Everyone wants to work smarter, and SkyDrive helps users and
organizations do so in two ways: file sharing and access. It takes only a few
clicks to share and access files using a number of compatible devices and from
almost any geographical location.

1: Ease of use

My niche in the support world is finding the easiest and most
efficient solutions. For both users and support personnel, SkyDrive fits into
that theme nicely. Thanks to SkyDrive’s seamless integration with Office (2010,
2013, and 365), sharing files requires only a few clicks. In fact, Office 365
defaults to SkyDrive. Even novice users can share files on SkyDrive with little
or no training. Accessing is just as easy — a few clicks and you’re working
from home on the proposal you saved to SkyDrive while at work.

2: Few requirements

Besides the obvious PC and mobile devices you use, SkyDrive
requires only two things: Internet access and a Microsoft account. The first
requirement is almost moot. Thanks to free Wi-Fi, you can connect almost anywhere.
The second is easy to acquire; you just sign up. If you don’t have an account,
Microsoft Office will help you sign up the first time you try to save an Office
file to SkyDrive. Just follow the prompts.

3: Quick setup

If you have a Microsoft account, you can sign in to SkyDrive and go
right to work. There are no discs to keep up with, no downloads, and no
installation process. Just sign in and start working. If you’re using Office
2013 or 2010, access to SkyDrive is built into the interface. Just choose SkyDrive
when saving and opening documents, as appropriate. Office 2013 will even help
you set up your account the first time you try to access SkyDrive. If you’re on
your own, you don’t need any specialized knowledge. If you support users, you
won’t have to do a thing other than let them know about SkyDrive.

4: SkyDrive Desktop

Windows 8.1 has built-in access to SkyDrive. If you’re using
an earlier version of Windows, you can download SkyDrive Desktop for quick access from your desktop
(Figure A). SkyDrive is now available via Windows Explorer; you don’t have to
work from inside an Office app.

Figure A

 Add SkyDrive to your local system.

5: One-click access

Accessing SkyDrive files is only a click away once you pin
the site to your Windows 7 taskbar. With SkyDrive open in your browser, drag
the window to the Windows taskbar and drop it. Windows will create a new
SkyDrive icon, as shown in Figure B. Click it for immediate access to your SkyDrive
files. If you’re using IE 9 or later, you can add SkyDrive to the Start menu by
choosing Add Site To Start Menu from IE’s Tool menu, as shown in Figure C.

Figure B

 Add SkyDrive to your taskbar for quick access.

Figure C

 Add SkyDrive to the Start menu.

6: Easy file access

By combining Web Office Apps with cloud storage, you can
access your files anytime, anywhere using any number of compatible devices. You
can use almost any browser or Windows, Mac, and Linux device. So, for instance,
you can share appointments and tasks at work and view them later using your
Windows or Android phone (or iPhone or iPad). Table A compares supported
formats and devices with SkyDrive’s competitors.

Table A

 7: Plenty of room

With your Microsoft account, you get 7 GB of free online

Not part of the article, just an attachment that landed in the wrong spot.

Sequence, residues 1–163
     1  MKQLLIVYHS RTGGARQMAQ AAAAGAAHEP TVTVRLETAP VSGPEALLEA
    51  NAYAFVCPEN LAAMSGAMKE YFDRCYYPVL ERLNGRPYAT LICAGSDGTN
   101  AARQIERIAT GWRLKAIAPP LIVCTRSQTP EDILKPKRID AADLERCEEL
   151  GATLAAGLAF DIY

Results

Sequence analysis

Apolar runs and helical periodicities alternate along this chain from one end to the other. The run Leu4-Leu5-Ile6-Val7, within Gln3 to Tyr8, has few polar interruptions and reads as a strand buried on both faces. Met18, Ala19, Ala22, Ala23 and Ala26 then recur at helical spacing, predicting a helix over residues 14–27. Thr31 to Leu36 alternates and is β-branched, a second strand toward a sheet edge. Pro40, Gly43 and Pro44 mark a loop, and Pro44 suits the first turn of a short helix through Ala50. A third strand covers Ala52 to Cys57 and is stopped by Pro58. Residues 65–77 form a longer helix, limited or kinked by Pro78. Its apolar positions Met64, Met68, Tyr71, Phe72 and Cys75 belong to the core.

storage on SkyDrive. It’s yours to use as needed and it’s more than adequate
for most users. You can share work files with colleagues or make them accessible
from other locations. At home, you can store photos, music, and so. Table A
lists costs for upgrading storage space, but most users won’t need more than
the free 7 GB.

8: Lightweight apps

When you share a file on SkyDrive, you and anyone you share
it with can view and edit the document using Office Web Apps. These free (but
limited) versions of Word, Excel, OneNote, and PowerPoint run in a Web browser
and default to SkyDrive when saving changes. Even though these apps are
limited, their availability adds a lot of flexibility. You can open and edit
files anywhere without installing additional software to the device you’re

9: Simultaneous sharing

Files stored on SkyDrive are accessible by multiple users.
Using Office Web Apps, multiple users can even edit the file (with the right
permissions) at the same time. Changes are saved immediately.

10: Tight security

Anytime you’re working online, security is an issue. Your
first layer of security on SkyDrive is its structure. You determine who can see
and edit files when you share a document. The good news is that people you
share files with don’t need an account or a password to see your files — the
link they receive when you invite them contains all the credentials they need.

Keep in mind that you are
working in a consumer-grade cloud. By that I mean you shouldn’t use SkyDrive to
back up mission-critical files. SkyDrive can be part of a good backup and
recovery strategy. But it should never be the only strategy. In addition, while security is good, your files are still
out there. So use good sense before
uploading sensitive and/or critical data. Read the full service agreement
before making any serious business decisions integrating SkyDrive.

11: Third-party add-ons

Office Web Apps let you view and edit documents, but you can’t
work with every file format. For instance, you can store and share a PDF file,
but you can’t open it using Office Web Apps. Third-party products are available for working with non-Microsoft files in the cloud.

12: Remote access

SkyDrive Desktop adds drag-and-drop ease between your local
system and SkyDrive. It gets better though. You can grant other-device access
to your local PC. SkyDrive only helps if you remember to upload your files. If
you forget, SkyDrive Desktop lets you access your system remotely.

Your take

Are you a SkyDrive fan or would you recommend an
alternative? Share your opinions with fellow TechRepublic members.